Aegon may buy thrift company, tap U.S. government funds

AMSTERDAM (Reuters) - Dutch insurer Aegon NV AEGN.ASAEG.N said it may buy a small U.S. thrift company to qualify for potentially more than $1 billion in U.S. government support, sending its shares down more than 8 percent.

The head office of Dutch financial insurance company Aegon is seen in The Hague, October 28, 2008. REUTERS/Stringer

“This is part of our strategy to ensure Aegon has the strongest capital position possible,” said Aegon spokesman Greg Tucker.

The range was between 1 percent and 3 percent of its $125 billion in U.S. assets, he said, and the application was for the so-called Troubled Asset Relief Program (TARP), which the U.S. government has used to help banks hit by the credit crisis.

In a statement issued later on Tuesday, Aegon said while it may be eligible for TARP funding, it had no need for additional capital beyond the 3 billion euros ($3.8 billion) injection agreed with the Dutch government last month.

Aegon shares initially fell as much as 8.5 percent, but trimmed losses after a positive opening to Wall Street. The shares closed up 2 percent at 3.53 euros. The DJ European insurance index .SXIP was up 0.7 percent.

“I think Aegon has bigger problems than we realize. They have invested precisely there where the problems are: the United States,” said asset manager Fred Huibers of Dutch Haags Effectenkantoor, which does not own Aegon shares.

Aegon, which owns U.S. life insurer Transamerica and gets three-quarters of its operating profit from the United States, may buy a thrift company -- possibly Maryland-based Suburban Federal Savings Bank SUBF.PK -- to be eligible for the support, Tucker said.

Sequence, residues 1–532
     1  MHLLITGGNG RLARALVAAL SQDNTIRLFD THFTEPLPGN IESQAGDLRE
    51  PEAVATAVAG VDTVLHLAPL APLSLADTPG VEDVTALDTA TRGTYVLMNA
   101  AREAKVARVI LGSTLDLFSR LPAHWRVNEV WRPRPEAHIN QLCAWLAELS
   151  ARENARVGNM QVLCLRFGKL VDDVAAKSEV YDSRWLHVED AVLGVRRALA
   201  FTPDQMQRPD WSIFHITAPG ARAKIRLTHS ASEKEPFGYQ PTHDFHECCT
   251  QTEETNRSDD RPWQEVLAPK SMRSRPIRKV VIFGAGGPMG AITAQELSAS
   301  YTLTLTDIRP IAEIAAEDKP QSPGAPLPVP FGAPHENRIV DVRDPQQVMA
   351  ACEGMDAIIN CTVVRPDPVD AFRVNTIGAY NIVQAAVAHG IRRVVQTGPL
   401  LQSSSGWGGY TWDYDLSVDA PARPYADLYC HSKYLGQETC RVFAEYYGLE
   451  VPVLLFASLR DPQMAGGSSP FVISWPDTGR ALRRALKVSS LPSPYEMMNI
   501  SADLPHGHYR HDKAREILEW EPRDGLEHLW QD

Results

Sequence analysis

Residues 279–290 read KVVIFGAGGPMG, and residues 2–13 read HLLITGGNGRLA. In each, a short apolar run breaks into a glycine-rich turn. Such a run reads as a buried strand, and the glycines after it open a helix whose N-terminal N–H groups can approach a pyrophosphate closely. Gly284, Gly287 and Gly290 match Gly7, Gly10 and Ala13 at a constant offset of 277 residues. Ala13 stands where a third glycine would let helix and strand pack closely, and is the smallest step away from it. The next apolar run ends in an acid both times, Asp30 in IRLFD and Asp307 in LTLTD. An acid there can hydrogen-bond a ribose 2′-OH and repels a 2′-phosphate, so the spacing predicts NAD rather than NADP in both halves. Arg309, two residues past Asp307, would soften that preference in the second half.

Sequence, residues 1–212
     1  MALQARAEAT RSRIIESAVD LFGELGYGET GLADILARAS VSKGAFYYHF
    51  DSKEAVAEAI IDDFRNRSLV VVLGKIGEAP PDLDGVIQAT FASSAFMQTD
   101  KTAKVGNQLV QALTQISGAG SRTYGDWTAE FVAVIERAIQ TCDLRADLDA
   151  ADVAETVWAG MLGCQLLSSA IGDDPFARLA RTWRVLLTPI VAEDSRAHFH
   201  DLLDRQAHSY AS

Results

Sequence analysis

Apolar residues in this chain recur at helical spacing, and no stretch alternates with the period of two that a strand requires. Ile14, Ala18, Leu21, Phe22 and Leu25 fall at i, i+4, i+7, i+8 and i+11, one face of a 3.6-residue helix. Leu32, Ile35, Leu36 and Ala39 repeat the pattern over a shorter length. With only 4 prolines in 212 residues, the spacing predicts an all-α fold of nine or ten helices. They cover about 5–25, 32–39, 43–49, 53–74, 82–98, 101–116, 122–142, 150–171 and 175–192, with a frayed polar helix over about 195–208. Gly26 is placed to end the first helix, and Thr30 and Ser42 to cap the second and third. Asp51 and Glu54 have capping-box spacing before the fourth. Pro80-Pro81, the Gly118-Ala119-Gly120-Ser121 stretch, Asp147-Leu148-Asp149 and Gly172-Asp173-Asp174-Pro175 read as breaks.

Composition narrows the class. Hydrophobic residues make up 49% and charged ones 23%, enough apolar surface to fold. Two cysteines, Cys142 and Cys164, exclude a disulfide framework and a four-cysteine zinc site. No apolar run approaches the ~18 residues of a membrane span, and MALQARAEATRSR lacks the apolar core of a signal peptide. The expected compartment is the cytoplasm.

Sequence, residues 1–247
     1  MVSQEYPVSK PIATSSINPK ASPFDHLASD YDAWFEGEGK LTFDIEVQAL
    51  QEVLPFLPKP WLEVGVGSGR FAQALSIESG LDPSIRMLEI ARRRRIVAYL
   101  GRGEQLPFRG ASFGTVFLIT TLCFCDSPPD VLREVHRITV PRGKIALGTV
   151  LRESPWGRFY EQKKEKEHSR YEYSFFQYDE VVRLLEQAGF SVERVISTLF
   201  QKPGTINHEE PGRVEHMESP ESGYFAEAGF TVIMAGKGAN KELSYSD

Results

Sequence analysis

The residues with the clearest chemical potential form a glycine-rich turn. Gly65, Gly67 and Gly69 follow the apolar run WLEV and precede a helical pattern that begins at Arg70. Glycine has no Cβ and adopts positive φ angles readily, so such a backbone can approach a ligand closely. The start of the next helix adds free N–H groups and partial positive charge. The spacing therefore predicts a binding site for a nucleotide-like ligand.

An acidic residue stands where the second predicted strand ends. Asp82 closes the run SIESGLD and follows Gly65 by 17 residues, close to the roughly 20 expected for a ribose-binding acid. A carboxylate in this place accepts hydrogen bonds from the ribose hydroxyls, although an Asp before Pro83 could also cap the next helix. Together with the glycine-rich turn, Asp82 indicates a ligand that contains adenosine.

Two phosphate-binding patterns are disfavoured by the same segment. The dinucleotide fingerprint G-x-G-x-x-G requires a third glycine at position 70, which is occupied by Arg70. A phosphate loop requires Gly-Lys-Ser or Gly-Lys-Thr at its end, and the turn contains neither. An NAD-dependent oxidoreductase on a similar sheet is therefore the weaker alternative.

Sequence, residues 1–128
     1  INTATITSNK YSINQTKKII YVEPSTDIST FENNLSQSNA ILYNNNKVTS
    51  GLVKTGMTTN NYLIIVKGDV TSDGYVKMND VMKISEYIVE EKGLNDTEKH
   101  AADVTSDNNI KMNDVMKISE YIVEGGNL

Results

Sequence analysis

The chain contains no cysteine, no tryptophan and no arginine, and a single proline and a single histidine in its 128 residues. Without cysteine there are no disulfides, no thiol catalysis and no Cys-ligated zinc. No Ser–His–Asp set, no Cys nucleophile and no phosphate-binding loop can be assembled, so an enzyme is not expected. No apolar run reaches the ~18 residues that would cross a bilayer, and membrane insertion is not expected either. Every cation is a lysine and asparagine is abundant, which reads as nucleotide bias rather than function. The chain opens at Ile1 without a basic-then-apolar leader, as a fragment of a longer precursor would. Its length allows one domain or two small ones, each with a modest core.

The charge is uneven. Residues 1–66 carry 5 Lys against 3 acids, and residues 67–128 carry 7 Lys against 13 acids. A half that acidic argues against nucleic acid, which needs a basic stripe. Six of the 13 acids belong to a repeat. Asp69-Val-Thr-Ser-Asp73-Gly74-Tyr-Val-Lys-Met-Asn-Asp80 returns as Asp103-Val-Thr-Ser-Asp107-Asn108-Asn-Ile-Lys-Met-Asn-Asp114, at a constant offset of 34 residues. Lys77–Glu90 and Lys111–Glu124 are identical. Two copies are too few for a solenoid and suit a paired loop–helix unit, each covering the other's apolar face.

Shares of Dutch rival ING were down 2.6 percent due to concerns over its U.S. investments and operations, but shares of peers like German Allianz ALVG.DE and French AXA AXAF.PA fell less or rose as their U.S. operations were smaller, Huibers said.

Aegon’s Tucker said the company was not experiencing liquidity problems, and would use the U.S. money for its U.S. operations.

Some analyst said Aegon might repay part of the Dutch state’s capital support after getting U.S. funds.

“The cost of a capital injection in the United States is at about half of what the Dutch government is charging,” KBC analyst Dirk Peeters said in a note.

Aegon's plans are similar to those of Hartford HIG.N, a life and property insurer that has been hit by investment losses, and peers Genworth Financial GNW.N Inc and Lincoln National LNC.N Corp, which are all planning to buy small savings and loans companies and apply for federal support.

Aegon expected a decision from the U.S. authorities before the end of the year, and any deal to buy a U.S. thrift company would also be concluded within that period, Tucker said.

A deal to buy a thrift company might take the form of a capital injection and the company concerned would not be a major institution, Tucker said. Suburban had about $300 million in assets, he said.

Editing by John Stonestreet, Hans Peters and Andrew Macdonald